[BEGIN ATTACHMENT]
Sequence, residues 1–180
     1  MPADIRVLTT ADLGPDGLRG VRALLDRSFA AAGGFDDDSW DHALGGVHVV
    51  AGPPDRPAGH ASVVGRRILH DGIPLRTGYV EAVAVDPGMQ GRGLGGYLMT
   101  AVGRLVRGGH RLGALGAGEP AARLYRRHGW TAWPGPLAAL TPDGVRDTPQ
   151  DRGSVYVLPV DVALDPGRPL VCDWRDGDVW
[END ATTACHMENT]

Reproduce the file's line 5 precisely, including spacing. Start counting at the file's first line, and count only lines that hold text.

   151  DRGSVYVLPV DVALDPGRPL VCDWRDGDVW